What Every Business Needs To Know About Subterranean Utility Networks

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Emily Burn

As a result of the rising rate of urbanization, businesses have begun to rely on subterranean utility networks that are both more sophisticated and larger in scale. It may come as a surprise to you to learn that utility surveying has been around since the turn of the 20th century. Underground utility locating and mapping, ground penetrating radar (GPR), and buried utility detection are all examples of how important utility surveying has become in the process of identifying and mapping subterranean infrastructure.

In the beginning, humans employed electromagnetic locators, which were the very first instrument ever developed for the purpose of locating the complex network of pipes and wires that lay buried beneath the earth. Since its first examination, the theory of EM field detection has not undergone any significant changes.

Since its invention in the 1970s, the electromagnetic (EM) locator has seen significant development. In the past, it had a needle-based analogue display, but as technology has advanced, new EM locators have digital displays and are more effective, small, and user-friendly. It is now also capable of providing essential data such as the signal’s directional information, current, and intensity.


In the early days of utility locating services, surveying was done with the assistance of a handful of handy instruments and the only electromagnetic (EM) locator that was available on the market at the time. Because fiber optics weren’t as widely used at the time, utility locators could only pinpoint metallic infrastructure. In a similar vein, the Global Positioning System (GPS) technology was not extensively used since it was expensive and even its stations were far apart. The information on the placement of subsurface utilities was scaled on paper.

In the past, the company that provided utility location services had straightforward guidelines, which included the need to lift and trace every conceivable object in order to obtain the necessary data and eliminate any possibility for error. These are, and will continue to be, the most important aspects of every underground utility locating survey you conduct. Although the philosophy and the mechanism of the locator have remained the same throughout the years, the locator itself has evolved over time.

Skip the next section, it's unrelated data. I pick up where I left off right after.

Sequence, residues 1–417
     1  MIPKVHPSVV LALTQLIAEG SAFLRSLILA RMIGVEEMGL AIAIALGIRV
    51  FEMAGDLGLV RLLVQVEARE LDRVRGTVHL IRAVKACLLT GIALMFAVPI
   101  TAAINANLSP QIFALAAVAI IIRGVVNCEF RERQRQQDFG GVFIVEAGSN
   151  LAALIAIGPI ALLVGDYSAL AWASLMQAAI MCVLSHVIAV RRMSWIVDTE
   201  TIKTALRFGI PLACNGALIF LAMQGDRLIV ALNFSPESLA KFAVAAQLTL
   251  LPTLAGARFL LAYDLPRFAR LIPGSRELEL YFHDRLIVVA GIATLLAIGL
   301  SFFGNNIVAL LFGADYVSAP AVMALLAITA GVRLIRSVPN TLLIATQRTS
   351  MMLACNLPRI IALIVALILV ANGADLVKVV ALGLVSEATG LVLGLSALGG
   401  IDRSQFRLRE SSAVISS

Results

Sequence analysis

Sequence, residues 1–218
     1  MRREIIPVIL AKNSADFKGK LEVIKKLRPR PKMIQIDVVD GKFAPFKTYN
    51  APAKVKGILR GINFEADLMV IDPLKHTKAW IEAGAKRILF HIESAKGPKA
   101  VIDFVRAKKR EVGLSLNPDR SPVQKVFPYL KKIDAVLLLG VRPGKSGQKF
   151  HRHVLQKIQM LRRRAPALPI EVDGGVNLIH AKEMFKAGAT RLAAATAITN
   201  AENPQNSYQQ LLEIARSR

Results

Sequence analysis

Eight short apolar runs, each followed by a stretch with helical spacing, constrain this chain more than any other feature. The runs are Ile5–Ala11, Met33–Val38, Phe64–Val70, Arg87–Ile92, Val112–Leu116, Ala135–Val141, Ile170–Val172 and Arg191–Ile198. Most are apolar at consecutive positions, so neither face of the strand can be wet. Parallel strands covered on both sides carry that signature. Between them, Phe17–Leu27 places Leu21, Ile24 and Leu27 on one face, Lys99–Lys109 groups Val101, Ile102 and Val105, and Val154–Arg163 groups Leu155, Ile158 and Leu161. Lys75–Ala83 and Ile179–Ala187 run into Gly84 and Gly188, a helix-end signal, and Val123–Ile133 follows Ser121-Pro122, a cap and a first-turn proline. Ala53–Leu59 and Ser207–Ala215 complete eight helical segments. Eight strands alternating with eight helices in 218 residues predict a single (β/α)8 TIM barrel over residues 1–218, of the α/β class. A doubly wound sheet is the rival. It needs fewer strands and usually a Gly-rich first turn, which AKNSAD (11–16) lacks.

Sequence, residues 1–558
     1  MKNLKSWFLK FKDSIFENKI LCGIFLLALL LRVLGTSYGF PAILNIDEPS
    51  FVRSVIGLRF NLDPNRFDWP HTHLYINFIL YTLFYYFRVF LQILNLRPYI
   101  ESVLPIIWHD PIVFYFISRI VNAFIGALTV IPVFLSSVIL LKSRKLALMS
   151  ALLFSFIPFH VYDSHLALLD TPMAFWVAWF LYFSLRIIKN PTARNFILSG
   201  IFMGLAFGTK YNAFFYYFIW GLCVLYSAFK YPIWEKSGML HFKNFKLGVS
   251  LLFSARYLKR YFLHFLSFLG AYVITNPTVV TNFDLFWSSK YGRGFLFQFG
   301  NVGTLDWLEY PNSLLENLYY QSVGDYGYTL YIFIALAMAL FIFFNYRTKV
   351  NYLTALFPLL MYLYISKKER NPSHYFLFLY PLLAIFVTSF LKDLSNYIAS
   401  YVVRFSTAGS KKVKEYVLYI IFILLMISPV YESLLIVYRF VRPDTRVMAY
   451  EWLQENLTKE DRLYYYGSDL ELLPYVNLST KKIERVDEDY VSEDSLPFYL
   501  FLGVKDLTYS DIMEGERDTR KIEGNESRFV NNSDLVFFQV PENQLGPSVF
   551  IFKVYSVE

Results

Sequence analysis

A mobile GPR survey, also known as ground-penetrating radar systems, are new pieces of technology that were developed in the early 1990s. These radar systems can look through the ground to the surface below. The usage of utility locators is finished here at this point in the process. However, in order to obtain the data that is both the most accurate and the most up to date, many companies that provide utility locating services still choose to employ both GPR and cable locators.


The process of locating utilities and conducting surveys is becoming more challenging with each passing day as a result of the high pace of development. We have gone a very far way in a very short amount of time, having transitioned from physical copies to digital data. Not only that, but GPS and other GNSS systems are no longer in use. Instead, point cloud data is merged with 3D modelling of the subterranean utilities in order to determine the precise location of the utilities.

These days, providers of utility location services employ GPR and electromagnetic locators to offer an integrated solution for locating, gathering, and mapping data. This is done with the intention of saving customers time and money. The very best element is that the data is quickly delivered in accordance with the client’s specifications.


Following the 10 below-mentioned methods, all of which have been tried and proven over the course of the past four decades, is the golden rule for achieving success in the process of discovering and surveying subterranean utilities. First, let’s have a look at:

Ensure that your personnel has the necessary expertise and has gone through the necessary training in order to carry out the underground utility locating and survey in a professional manner that goes above and beyond the requirements of the customer.

Make sure the customer provides a written specification of their requirements and expectations.

Get yourself ready. Establish communication with both your client and other businesses in order to collect and comprehend all of the regulatory information, such as legends, scale, clarity, and so on.

In order to confirm your results, you should collect topographical survey data.

First, carry out an initial examination, and then, using the statutory documents as a guide, conduct a visual assessment. Examine ancient documents, surface features, and overhead wires before making use of any locators, and map the relevant aspects of the environment accordingly.

Conduct the electromagnetic survey in a systematic manner.

Ensure that your GPR device is positioned appropriately. Keep in mind that this is not a replacement for the cable finder because it is also subject to the laws and principles of physics and can have an effect on performance.

Make use of a reliable marking system that is straightforward in its explanation and conforms to the specifications.

When gathering your data, choose a strategy that is effective, precise, and thorough, and don’t forget to take photos and videos for backup.

Your customers are now able to get the info you have prepared for them.


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